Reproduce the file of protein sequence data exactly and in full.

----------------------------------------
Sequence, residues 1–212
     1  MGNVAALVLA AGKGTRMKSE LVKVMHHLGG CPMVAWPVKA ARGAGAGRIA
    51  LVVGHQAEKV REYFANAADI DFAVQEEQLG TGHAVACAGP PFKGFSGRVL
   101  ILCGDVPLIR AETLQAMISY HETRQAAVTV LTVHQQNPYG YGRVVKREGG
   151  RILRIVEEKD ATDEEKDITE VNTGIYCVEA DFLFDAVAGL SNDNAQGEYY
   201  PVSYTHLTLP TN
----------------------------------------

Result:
Sequence, residues 1–212
     1  MGNVAALVLA AGKGTRMKSE LVKVMHHLGG CPMVAWPVKA ARGAGAGRIA
    51  LVVGHQAEKV REYFANAADI DFAVQEEQLG TGHAVACAGP PFKGFSGRVL
   101  ILCGDVPLIR AETLQAMISY HETRQAAVTV LTVHQQNPYG YGRVVKREGG
   151  RILRIVEEKD ATDEEKDITE VNTGIYCVEA DFLFDAVAGL SNDNAQGEYY
   201  PVSYTHLTLP TN